While some chocolatiers such as Francois Pralus believe in the importance of terroir and are committed to producing at least some single origin bars, single origin chocolate is not without its problems and detractors.  The first complaint about single origin chocolate is that there are no official or industry definitions of many terms associated with such chocolate and “origin” can refer to areas as a large as an entire country (Nesto, 134).  The lack of agreement over what constitutes single origin chocolate means there can be major discrepancies between what chocolatiers consider to be a region and that references to origins are sometimes more of a marketing tool than a signifier of quality or flavor profile (Williams and Eber, 173).  Even with the Pralus single origin bars, some are produced with cacao from a single plantation, while others use cacao from a certain part of the country, a cacao cooperative, or from the country as a whole.  Another contentious aspect of the lack of regulation is that single origin chocolate is often associated with higher quality beans and ingredients, especially given its generally higher price point, but there are no rules regarding the quality or type of beans used in single origin bars (Williams and Eber, 168-71).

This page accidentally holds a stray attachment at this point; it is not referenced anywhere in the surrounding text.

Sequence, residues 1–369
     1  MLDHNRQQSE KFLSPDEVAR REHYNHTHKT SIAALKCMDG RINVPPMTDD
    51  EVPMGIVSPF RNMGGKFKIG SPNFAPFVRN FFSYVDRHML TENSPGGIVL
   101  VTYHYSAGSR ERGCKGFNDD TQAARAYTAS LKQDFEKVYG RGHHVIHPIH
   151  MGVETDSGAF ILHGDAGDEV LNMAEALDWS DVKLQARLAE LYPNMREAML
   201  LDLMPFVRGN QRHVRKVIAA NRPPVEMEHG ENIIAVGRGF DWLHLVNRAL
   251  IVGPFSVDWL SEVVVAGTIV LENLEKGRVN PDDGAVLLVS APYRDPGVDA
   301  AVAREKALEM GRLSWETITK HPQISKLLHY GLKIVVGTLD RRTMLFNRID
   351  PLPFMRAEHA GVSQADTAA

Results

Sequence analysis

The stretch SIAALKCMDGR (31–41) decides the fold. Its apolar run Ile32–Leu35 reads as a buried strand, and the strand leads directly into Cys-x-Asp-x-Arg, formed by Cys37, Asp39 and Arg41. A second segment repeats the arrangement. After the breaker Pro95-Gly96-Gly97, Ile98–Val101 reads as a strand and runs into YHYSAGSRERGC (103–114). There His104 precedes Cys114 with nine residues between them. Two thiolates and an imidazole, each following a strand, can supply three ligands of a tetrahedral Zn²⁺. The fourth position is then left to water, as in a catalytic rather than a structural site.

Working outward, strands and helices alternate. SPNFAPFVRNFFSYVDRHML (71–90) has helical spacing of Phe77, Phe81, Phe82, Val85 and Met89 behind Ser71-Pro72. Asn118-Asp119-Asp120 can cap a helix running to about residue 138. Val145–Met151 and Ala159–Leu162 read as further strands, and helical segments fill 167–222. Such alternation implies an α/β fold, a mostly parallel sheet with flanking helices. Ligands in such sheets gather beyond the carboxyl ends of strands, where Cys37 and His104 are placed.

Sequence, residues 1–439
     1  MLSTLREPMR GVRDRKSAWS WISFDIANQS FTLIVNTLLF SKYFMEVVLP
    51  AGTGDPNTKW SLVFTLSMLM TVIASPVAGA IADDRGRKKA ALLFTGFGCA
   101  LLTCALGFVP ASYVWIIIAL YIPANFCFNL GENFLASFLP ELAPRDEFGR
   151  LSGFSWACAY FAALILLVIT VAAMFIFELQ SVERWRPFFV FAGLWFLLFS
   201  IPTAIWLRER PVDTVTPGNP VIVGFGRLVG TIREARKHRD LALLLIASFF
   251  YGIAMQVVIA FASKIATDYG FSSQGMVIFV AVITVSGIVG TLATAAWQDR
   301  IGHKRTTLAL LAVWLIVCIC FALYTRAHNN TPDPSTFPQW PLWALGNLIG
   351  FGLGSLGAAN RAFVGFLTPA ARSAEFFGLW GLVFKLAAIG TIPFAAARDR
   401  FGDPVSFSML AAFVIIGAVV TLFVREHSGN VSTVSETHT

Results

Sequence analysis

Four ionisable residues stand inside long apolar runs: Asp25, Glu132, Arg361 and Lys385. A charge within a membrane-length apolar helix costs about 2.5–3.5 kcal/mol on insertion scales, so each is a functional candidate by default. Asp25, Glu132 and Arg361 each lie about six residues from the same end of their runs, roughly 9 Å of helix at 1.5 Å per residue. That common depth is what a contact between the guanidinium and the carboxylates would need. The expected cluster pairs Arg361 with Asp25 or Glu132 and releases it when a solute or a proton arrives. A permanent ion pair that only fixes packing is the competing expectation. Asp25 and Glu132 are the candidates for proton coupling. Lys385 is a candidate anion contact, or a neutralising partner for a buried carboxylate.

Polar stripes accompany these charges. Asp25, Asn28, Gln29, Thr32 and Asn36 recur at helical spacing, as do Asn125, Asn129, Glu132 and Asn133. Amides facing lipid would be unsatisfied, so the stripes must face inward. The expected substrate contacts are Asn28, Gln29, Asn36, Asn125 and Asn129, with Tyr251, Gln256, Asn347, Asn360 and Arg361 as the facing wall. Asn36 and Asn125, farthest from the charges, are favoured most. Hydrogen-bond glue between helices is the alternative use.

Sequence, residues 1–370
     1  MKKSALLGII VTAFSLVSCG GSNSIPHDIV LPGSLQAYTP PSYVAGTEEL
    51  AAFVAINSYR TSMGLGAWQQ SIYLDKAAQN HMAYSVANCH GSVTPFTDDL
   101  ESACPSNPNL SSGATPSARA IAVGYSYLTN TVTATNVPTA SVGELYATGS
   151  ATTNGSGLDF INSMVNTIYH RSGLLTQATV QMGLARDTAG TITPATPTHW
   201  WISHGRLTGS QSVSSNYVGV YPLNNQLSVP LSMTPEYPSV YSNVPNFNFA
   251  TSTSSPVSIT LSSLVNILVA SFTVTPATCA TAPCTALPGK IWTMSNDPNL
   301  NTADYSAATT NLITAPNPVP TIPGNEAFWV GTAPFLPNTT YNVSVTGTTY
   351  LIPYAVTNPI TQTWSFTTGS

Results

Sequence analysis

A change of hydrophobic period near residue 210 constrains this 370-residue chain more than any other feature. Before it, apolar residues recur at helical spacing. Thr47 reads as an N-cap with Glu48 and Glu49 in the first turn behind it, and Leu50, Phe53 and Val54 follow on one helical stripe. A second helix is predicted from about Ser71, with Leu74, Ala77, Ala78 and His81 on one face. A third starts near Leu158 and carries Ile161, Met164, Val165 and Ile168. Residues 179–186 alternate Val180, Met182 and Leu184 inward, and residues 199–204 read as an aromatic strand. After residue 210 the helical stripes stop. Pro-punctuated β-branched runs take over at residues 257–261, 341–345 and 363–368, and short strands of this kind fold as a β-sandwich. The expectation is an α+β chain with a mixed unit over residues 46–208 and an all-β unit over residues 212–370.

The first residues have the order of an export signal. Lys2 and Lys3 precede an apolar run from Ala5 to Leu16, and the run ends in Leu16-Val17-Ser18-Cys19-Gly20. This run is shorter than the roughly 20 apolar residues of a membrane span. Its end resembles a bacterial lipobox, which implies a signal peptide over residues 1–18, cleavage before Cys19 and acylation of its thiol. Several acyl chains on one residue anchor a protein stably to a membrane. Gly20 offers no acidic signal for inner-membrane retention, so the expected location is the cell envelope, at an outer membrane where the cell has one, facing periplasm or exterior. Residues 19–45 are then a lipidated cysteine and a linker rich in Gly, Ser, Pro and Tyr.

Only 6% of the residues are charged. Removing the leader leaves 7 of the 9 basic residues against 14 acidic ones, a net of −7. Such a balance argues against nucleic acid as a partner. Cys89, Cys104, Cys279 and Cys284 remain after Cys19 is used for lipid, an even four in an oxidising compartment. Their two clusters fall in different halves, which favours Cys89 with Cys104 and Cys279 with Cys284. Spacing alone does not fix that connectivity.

The Pralus Djakarta bar, which blends Indonesian and Ghanaian cacao.